A complicated solution to a nonexistent problem.

GMC unveiled its second-generation Terrain crossover at the Detroit Auto Show this week. In and of itself, it’s fine – maybe a little homely, but I’m sure it’ll continue to be a strong seller. Problem is, I’m immediately turned off by the absolutely inane gear selection buttons. It’s a solution to a nonexistent problem and a glaring fault in an otherwise alright product.

Arranged on its own panel below the climate controls, the gear selector panel has you push buttons for Park, Neutral, and Low, and pull toggles (leftover window switches?) for Reverse and Drive. Above and below the Low button, there are also plus and minus buttons to manually change through the gears – conveniently located as far away from the driver as possible. Who the hell is changing their own gears in a GMC Terrain anyway?

GMC and other automakers (Fiat-Chrysler, Ford/Lincoln) are moving to electronic and push-button shifters because it frees up more space on and below the centre console. I drove a new Lincoln MKZ this past week, and because its gear-selector buttons are arranged along the left side of the touchscreen, there are cubbies underneath the middle console… that I forgot about and didn’t use.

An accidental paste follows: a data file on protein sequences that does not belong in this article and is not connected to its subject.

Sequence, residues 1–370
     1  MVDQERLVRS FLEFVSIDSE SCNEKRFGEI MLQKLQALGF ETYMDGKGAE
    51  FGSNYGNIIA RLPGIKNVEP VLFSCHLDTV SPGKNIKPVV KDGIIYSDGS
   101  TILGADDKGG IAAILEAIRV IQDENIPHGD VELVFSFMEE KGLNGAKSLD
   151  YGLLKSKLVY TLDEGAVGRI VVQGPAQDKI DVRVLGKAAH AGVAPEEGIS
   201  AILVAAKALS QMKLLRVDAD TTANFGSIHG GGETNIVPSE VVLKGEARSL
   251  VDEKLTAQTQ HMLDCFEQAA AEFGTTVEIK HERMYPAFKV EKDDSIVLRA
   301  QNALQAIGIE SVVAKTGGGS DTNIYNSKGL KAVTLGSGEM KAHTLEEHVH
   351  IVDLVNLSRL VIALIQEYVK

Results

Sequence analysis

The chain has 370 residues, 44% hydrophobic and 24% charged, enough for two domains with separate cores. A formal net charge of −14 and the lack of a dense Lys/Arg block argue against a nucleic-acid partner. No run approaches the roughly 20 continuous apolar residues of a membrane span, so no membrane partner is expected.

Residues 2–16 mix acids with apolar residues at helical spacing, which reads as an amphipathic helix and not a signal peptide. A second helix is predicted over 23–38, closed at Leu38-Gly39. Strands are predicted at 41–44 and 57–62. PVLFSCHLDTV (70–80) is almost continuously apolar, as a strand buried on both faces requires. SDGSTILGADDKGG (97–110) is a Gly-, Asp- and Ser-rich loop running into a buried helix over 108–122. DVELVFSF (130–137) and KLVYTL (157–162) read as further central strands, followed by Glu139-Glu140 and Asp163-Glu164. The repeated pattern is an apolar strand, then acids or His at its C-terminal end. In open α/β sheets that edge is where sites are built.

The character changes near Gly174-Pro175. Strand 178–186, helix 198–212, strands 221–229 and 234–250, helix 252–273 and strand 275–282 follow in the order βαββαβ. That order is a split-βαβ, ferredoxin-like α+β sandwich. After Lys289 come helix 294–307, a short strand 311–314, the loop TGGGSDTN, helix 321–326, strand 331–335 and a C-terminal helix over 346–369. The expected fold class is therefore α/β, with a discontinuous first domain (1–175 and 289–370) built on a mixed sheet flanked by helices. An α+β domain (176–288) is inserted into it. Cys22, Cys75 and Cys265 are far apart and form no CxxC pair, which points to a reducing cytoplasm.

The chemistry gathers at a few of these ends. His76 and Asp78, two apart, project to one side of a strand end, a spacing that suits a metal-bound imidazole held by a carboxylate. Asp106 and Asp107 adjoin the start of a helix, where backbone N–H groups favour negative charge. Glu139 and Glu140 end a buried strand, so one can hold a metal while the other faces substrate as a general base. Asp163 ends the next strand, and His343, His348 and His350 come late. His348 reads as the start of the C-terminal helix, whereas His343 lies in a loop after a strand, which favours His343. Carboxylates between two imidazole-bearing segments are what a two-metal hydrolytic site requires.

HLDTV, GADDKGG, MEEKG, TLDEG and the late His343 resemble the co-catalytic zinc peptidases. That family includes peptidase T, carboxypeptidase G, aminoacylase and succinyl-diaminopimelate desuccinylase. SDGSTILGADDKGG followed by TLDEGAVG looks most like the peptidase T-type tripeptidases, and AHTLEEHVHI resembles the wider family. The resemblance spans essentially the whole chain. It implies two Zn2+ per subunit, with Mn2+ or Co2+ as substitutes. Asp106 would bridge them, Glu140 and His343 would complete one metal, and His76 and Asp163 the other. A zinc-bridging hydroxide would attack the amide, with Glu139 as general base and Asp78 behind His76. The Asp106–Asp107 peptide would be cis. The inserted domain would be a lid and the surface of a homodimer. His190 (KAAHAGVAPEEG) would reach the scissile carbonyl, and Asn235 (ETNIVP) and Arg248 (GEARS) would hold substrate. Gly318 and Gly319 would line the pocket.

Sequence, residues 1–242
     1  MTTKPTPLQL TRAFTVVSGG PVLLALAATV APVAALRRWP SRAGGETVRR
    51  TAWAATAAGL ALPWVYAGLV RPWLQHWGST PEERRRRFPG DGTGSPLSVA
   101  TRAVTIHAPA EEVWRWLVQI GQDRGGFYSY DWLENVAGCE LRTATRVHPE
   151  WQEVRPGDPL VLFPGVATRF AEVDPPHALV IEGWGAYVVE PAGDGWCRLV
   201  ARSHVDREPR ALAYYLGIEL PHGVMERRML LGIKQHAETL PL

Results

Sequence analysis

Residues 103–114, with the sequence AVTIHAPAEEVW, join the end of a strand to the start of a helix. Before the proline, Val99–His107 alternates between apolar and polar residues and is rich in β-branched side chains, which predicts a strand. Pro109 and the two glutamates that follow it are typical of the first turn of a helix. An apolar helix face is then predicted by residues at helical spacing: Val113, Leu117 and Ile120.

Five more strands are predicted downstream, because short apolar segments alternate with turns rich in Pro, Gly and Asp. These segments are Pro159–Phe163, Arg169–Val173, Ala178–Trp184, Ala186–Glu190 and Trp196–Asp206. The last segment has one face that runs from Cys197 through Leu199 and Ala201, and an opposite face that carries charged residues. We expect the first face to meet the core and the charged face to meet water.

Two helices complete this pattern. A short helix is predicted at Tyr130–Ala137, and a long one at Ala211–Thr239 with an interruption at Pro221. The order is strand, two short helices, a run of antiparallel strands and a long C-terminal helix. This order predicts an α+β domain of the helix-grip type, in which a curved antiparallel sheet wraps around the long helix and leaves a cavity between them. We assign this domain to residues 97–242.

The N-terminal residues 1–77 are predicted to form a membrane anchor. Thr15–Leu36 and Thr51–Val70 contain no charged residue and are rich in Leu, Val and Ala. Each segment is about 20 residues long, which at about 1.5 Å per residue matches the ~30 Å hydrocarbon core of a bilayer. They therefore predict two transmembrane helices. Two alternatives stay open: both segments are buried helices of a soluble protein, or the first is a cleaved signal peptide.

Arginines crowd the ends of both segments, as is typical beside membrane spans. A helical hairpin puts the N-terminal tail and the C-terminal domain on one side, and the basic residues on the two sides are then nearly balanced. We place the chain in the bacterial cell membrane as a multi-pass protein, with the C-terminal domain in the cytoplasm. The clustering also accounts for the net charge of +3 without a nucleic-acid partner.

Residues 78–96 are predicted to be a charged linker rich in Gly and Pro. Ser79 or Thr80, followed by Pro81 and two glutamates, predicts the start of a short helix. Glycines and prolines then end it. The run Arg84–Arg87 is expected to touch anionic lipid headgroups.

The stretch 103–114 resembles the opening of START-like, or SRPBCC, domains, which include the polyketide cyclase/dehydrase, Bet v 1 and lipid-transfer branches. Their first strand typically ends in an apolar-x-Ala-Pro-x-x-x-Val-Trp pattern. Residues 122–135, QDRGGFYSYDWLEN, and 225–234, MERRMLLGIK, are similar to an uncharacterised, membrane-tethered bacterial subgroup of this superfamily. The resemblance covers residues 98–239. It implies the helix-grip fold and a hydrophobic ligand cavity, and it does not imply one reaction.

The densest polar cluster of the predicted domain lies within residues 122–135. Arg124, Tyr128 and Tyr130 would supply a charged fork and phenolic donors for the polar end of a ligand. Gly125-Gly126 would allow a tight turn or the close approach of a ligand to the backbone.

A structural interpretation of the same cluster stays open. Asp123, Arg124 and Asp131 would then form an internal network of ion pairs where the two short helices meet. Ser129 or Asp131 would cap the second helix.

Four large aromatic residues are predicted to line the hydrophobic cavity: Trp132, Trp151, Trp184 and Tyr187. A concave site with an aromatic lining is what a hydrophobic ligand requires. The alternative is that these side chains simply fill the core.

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What happens if you’re driving and a younger child pushes a button by accident? How bad are these things going to look in a few years when the letters start to rub off? But beyond these questions, the larger one I have is just, why? Why fix what isn’t broken? Why unnecessarily complicate the simple act of shifting into gear? Because it’s not like that ever causes its own problems or anything.


Photos: Chris Amos / Jake Holmes / Motor1.com



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